Look Out Bears, There's a Train Coming In episode 34 I talked about the incredible success that Banff National Park has had in terms of reducing the number of animals, such as grizzly bears, that are being killed along our highways. The system of over and underpasses that have been pioneered here are now serving as a template for many new areas that are trying to emulate Banff's successes. You can listen to the full episode at While the highways have...


045 Wolves help grizzlies by killing elk, the Trans Canada Trail is complete, the Jasper to Columbia Icefields trail falls into limbo and gold rushes in British Columbia

Wolves are a grizzlies best friend - at least in Yellowstone Yellowstone has become a world renowned laboratory for what can happen when long absent carnivores are returned to the landscape. For decades across North America, predators were seen as the enemy, and targeted for extermination. Bounties were paid for the pelts of wolves, coyotes and other carnivores in order to make the wilderness a more human friendly place. The program resulted in a natural system that ran amok. Food...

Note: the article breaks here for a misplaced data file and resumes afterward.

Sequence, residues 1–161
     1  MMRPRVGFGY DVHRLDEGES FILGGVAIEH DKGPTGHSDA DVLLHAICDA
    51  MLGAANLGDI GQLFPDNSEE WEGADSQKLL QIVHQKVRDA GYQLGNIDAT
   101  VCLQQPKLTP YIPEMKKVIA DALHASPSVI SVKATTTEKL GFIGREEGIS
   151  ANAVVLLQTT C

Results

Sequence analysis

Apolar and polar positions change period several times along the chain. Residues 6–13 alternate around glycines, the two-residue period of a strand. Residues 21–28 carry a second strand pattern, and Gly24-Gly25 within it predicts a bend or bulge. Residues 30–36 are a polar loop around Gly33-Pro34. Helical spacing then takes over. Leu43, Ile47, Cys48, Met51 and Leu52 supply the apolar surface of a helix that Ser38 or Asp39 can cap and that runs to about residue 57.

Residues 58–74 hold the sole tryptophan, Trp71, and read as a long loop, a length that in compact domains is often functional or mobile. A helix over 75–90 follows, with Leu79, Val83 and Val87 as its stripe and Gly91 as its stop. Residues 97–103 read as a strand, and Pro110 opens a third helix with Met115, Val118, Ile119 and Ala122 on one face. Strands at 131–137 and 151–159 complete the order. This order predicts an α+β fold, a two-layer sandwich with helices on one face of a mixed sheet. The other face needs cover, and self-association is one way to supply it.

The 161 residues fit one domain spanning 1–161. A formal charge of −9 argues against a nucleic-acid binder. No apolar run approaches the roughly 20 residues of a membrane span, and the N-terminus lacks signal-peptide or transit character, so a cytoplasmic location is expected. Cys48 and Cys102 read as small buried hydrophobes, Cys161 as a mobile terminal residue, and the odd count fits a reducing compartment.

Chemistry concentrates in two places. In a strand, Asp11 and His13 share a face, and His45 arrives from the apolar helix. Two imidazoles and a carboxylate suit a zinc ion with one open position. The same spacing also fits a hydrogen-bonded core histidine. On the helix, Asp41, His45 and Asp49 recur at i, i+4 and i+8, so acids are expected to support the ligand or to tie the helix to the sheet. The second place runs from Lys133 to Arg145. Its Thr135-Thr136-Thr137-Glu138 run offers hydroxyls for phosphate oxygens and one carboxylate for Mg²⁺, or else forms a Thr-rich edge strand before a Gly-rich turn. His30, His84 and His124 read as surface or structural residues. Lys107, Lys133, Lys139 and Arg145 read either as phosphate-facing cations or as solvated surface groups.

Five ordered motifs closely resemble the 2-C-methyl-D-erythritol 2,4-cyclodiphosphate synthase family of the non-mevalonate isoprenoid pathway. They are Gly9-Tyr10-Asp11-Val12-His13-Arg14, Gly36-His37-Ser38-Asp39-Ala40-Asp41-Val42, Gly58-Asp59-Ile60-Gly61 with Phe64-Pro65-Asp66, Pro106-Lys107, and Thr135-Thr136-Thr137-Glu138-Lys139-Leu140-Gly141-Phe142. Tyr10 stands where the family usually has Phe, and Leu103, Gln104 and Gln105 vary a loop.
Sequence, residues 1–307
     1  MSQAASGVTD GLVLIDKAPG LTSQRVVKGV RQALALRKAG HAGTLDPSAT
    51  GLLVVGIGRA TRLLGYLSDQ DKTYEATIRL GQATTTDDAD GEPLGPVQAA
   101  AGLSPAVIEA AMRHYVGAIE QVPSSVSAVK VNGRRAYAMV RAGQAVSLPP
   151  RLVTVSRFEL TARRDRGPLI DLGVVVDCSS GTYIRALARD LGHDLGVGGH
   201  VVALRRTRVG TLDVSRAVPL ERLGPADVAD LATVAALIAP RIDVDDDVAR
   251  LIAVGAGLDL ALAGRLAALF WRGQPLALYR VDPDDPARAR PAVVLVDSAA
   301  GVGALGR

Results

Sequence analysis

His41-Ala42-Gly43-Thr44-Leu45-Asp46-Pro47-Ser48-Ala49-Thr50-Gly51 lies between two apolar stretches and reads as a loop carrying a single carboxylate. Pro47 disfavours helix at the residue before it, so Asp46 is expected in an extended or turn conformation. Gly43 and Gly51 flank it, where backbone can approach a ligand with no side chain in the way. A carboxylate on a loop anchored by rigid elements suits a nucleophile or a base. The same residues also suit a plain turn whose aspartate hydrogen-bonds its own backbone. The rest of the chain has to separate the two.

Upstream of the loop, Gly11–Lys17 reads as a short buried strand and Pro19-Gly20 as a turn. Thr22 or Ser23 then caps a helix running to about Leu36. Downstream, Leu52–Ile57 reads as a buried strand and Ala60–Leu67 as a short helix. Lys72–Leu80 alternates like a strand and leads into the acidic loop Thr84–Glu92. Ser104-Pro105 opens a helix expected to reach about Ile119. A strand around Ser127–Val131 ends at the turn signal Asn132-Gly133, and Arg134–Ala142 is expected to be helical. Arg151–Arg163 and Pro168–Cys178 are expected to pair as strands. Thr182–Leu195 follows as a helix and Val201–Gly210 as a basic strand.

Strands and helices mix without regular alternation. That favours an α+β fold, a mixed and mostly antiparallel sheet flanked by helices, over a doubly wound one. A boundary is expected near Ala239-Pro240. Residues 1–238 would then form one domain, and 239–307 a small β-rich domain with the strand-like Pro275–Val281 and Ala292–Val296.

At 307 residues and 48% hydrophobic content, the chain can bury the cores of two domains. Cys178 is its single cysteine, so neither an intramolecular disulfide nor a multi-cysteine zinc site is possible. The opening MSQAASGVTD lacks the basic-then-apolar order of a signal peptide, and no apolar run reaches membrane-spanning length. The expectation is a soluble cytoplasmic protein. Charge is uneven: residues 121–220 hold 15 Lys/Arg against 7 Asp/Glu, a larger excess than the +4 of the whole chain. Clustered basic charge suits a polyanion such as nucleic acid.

044 Flying giraffes and loving the mountains to death

Flying Dinosaurs as Tall as Giraffes If you're a regular listener of this podcast, then you know that I love dinosaurs. Living in Alberta is the perfect mix because we have one of the best landscapes for finding dino remains and there are new discoveries happening all the time. The Royal Tyrell Museum in Drumheller is one of the leading research centres in the world and for many visitors to Alberta, it is there first real opportunity to look at some of the most unique fossils that have...


043 Save a caribou, kill a moose, the burgess shales and fire updates on the mountain west

Can Killing Moose help Caribou? A recent study conducted by researchers in British Columbia's Columbia Mountain range is raising eyebrows for its novel approach to trying to help struggling caribou populations in several endangered herds throughout several areas. Over the past few years, programs focused on killing wolves in many areas concentrated on reducing predation of already declining herds of caribou in Alberta and British Columbia. These herds have been in decline for a long...